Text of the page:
Docker have just released 1.9 which finally brings Libnetwork out of experimental and into the main release. I’ve been working with Docker and the Libnetwork developers since back in April and I’m really excited that users will now be able to use Calico with Docker without needing to install special experimental versions of Docker or needing to add networking to containers after they’ve already been started.
I’m going to quickly run through what it takes to get started with Calico and libnetwork. We also have in depth guides if you want to try yourself, either in a local VM using Vagrant or in the cloud.
First step is to make sure the right version of Docker us running. See the Docker 1.9 release for instructions on upgrading.
To get multihost docker networking running, libnetwork requires a datastore. Docker supports etcd, consul and zookeeper and I’ll use etcd so that Calico can share the same datastore.
curl -L http://github.com/coreos/etcd/releases/download/v2.2.1/etcd-v2.2.1-linux-amd64.tar.gz -o etcd-v2.2.1-linux-amd64.tar.gz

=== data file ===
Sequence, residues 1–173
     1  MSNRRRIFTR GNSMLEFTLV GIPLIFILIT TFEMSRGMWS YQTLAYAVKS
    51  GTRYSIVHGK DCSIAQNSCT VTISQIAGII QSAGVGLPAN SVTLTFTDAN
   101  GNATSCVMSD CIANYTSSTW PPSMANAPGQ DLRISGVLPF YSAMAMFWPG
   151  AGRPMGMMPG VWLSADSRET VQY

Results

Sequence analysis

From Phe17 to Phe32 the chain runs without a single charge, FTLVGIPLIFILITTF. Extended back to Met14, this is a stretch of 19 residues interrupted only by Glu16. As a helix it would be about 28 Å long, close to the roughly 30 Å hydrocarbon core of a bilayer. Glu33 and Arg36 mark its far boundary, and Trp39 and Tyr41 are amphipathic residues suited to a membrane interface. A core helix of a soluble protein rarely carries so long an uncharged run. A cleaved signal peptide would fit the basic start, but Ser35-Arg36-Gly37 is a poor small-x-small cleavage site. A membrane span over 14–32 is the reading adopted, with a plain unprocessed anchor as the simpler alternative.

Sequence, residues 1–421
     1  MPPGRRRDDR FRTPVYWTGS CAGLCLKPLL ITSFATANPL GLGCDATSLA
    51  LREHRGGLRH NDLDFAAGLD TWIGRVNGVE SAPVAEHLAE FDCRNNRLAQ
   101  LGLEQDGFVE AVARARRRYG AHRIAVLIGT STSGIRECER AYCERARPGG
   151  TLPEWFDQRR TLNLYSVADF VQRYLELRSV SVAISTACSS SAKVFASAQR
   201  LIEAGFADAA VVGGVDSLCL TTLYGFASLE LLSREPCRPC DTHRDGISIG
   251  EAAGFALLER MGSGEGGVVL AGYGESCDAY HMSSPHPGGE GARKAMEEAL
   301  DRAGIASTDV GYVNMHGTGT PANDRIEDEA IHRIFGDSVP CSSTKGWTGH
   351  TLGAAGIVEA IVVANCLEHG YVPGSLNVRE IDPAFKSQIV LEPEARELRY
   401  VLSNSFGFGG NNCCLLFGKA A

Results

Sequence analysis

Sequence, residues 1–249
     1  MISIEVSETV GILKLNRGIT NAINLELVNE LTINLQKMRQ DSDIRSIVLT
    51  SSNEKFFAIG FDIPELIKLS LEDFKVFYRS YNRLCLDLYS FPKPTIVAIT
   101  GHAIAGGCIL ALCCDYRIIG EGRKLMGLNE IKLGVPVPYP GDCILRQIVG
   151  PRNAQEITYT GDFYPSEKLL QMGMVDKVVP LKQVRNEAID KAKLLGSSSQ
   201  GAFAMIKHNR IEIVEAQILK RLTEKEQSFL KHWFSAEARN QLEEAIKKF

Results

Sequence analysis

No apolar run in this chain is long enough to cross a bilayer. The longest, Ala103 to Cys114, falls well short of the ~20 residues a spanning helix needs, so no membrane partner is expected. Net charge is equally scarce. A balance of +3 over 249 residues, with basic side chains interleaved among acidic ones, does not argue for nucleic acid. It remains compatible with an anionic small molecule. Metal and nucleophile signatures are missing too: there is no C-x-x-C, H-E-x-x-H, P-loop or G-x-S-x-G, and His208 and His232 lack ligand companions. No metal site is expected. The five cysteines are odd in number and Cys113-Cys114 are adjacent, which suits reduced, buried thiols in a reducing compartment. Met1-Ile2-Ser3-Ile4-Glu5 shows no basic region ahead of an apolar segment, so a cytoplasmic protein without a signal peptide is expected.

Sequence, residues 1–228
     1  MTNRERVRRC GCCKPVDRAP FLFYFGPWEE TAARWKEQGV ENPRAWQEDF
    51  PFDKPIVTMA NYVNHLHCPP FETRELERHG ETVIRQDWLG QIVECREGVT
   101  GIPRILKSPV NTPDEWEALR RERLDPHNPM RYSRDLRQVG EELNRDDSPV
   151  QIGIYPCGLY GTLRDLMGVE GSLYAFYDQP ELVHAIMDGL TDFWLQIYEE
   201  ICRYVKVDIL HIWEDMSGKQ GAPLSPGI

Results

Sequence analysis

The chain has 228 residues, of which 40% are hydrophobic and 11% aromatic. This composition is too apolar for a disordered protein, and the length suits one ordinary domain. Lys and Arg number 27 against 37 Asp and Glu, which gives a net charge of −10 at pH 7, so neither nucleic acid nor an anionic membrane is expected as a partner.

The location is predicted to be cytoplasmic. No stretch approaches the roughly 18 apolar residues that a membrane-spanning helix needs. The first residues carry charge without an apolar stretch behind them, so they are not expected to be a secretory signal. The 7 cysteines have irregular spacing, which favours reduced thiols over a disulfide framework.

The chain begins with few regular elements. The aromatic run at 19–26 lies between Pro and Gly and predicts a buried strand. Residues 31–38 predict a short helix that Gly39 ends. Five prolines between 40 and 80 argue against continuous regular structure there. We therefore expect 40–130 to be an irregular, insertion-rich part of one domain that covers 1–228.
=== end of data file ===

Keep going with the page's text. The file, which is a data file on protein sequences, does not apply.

tar xzvf etcd-v2.2.1-linux-amd64.tar.gz
./etcd --advertise-client-urls http://10.0.2.15:4001--listen-client-urls http://0.0.0.0:4001
Now that etcd is running I can start Docker in another terminal, pointing it at etcd using the
systemctl stop docker # Stop my current docker daemon
./docker daemon --cluster-store=etcd://10.0.2.15:4001
Docker and etcd are now running so I can start creating containers and networking them using Calico.
Starting the Calico agent
I can grab the latest release of
calicoctl from the calico-docker release page.
chmod +x calicoctl
sudo calicoctl node --libnetwork
That’s it! Calico is installed and running with just those 3 simple commands.
Working with networks
Docker has added a new subcommand “
docker network". Using this command I can create new networks that are backed by the Calico driver.
docker network create –d calico my_network
Now that the network is created containers can be started using that network
docker run –net my_network --ti busybox ifconfig
After getting the Docker daemon setup up with a backing store, using Calico is as simple as grabbing a file and running it in order to start a containerized version of the calico agent.
The new Docker UX is clean and simple and makes getting started with Calico very easy. Give it a try today!
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